• The Australian Immunisation Register (AIR)  expanded to include all children/young people <20 years, and AIR became a 'whole of life' register from 2016. Previously, AIR was the Australian Childhood Immunisation Register (ACIR) and could only be used for children <7 years, meaning any child who arrived aged 7 years and older (i.e. arriving from 2004 onwards) or, who received early childhood catch-up vaccines past the age of 7 years, did not have their immunisation information entered into AIR. 
    • Specialist and other health providers can register to enter information onto AIR (GP and paediatrician registration is automatic, although paediatricians may not be able activate their individual registration and as of 2017, advice from Victorian Department of Health and Human Services (DHHS) is to use a service log-on). 
    • Additional catch-up vaccinations are now funded including for age 10-19 years catch-up vaccinations are free for all children and young people <20 years on an ongoing basis, and free for all refugee and humanitarian entrants 20 years and older  (see fact sheet).

    In Victoria, the state 'No Jab, No Play' legislation was introduced in 2016 - children need to be up to date with vaccinations or have commenced an immunisation catch-up plan to enrol in childcare or kindergarten in Victoria. Children who arrived in Australia as a refugee or asylum seeker are eligible for a 16-week grace period to start catch-up vaccinations after they enrol in childcare. See  further information, and  resources for early childhood servicesUpcoming changes mean only the patient AIR record will be accepted as evidence of immunisation (not the health provider view). This is likely to lead to substantial difficulties and delays for people without Medicare, recent arrivals, or children waiting for overseas records to be entered onto AIR. 

    General principles

    No-one arriving as a refugee or asylum seeker will be vaccinated and up to date according to the Australian immunisation schedule, due to differences in country of origin schedules and/or issues with health service access.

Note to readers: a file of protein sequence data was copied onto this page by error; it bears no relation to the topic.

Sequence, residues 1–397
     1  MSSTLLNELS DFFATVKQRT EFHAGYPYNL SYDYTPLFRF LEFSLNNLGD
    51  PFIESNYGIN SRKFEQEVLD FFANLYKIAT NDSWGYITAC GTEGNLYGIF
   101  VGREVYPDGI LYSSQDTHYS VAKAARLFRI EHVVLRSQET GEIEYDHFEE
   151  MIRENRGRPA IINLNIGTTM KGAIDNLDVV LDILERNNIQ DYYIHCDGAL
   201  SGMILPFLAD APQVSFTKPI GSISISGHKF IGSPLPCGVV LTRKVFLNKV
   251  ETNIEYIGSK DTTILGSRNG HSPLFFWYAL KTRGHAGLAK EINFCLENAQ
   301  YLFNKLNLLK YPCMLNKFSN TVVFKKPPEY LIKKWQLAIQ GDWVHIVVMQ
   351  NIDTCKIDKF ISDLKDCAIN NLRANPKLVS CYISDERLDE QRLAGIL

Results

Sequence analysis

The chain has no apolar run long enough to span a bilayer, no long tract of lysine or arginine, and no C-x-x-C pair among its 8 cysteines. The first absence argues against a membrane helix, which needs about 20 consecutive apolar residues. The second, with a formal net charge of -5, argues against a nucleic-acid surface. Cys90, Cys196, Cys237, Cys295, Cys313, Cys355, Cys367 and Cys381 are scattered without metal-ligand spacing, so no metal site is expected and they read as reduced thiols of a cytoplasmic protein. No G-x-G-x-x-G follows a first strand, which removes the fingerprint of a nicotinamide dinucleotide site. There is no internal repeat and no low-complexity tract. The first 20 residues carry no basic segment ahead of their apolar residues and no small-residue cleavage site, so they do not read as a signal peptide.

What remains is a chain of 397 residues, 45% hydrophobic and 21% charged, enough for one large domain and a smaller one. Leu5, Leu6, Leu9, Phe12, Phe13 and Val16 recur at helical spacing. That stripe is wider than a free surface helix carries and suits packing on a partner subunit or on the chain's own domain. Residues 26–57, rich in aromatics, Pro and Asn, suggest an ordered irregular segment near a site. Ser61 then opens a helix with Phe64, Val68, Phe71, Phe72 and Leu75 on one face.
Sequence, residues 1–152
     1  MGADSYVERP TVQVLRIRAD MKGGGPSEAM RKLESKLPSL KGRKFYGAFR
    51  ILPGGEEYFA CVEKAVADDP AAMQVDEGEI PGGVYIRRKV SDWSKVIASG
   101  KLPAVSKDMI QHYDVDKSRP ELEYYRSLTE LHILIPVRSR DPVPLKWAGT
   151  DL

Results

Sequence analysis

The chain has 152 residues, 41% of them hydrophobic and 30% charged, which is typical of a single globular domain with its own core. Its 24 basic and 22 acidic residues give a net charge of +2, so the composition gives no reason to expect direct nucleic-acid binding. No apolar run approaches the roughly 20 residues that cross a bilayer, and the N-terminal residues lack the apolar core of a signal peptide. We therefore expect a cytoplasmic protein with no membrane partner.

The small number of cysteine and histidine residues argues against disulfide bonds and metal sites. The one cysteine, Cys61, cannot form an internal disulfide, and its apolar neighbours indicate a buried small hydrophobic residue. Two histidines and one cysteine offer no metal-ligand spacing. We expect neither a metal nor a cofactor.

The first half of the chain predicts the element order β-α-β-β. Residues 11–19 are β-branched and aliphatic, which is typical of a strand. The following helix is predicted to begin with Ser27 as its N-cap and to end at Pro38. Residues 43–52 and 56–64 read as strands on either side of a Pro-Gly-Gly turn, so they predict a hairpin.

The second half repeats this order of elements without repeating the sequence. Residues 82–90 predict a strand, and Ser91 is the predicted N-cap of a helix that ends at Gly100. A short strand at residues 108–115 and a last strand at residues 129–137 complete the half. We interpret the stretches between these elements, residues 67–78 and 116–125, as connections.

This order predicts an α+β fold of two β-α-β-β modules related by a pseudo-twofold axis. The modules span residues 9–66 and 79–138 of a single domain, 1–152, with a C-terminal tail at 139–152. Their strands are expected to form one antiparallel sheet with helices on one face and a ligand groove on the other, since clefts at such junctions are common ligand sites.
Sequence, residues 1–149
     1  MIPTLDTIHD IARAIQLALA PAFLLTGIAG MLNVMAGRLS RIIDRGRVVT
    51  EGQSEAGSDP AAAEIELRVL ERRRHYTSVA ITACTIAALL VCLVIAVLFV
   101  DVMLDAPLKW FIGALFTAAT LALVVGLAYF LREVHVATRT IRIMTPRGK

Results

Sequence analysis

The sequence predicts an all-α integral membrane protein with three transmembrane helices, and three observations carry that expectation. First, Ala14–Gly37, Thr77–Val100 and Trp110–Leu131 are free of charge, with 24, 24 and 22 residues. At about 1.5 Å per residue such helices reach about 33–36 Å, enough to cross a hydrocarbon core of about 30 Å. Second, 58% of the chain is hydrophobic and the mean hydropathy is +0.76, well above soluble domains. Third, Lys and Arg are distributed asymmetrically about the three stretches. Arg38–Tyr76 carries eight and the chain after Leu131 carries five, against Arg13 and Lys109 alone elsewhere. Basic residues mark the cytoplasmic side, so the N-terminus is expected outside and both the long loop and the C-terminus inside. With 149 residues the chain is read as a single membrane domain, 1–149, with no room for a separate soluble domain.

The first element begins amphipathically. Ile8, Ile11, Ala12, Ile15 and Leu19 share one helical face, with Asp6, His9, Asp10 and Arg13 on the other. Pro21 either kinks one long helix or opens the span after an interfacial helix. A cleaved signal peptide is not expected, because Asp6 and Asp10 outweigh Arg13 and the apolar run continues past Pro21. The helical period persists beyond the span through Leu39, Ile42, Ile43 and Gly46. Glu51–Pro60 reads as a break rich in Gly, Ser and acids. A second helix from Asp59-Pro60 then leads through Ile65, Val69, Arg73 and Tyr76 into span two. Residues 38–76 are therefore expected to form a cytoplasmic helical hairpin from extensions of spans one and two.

Refugees and asylum seekers should be vaccinated so they are up to date according to the Australian immunisation schedule; equivalent to an Australian-born person of the same age.

    1. Assess any existing immunisation records

    • Written records are considered reliable evidence of vaccination status if available; however most refugees do not have documentation of immunisation. There is often a clear verbal history of vaccinations, although there is debate on the validity of parental/self recall of vaccination status.[4, 5]
      • If written records are available in other languages - the Department of Social Services provides a free document translating service for Australian citizens and new migrants settling permanently in Australia. Within the first two years of arriving in Australia, eligible individuals can have up to 10 key personal documents (including vaccination records) translated into English, free of charge. 
    • Offshore Humanitarian Programme arrivals may have had vaccines as part of the Departure Health Check (DHC). The DHC includes MMR in people aged 9 months - 54 years, Yellow Fever (YF) and Polio Vaccine (OPV or IPV) depending on  area, although the DHC is voluntary and uptake is incomplete (offered to refugees, but not all SHP entrants). Offshore vaccine information will be available on Department of Home Affairs HAPlite system (system roll out early 2018). 
    • From 11/2015, additional vaccinations were implemented for the Syrian and Iraqi cohorts, with MMR, polio vaccination and DTP/dT vaccination – in the form of pentavalent vaccine in children <10 years – check available paperwork and the HAPlite system as above.
    • Asylum seekers who arrived by boat should have had vaccinations in Australian immigration detention. Check their health summary or health discharge assessment (they should have a copy) or request IHMS information. They may also have a photocopy of a vaccination card - there are often differences between the health summary and card. The Community Detention Assistance Desk (CDAD) provides immunisation records for people in Community detention (but not others) - phone 1800 725 518.
      • Immunisation provision in detention was variable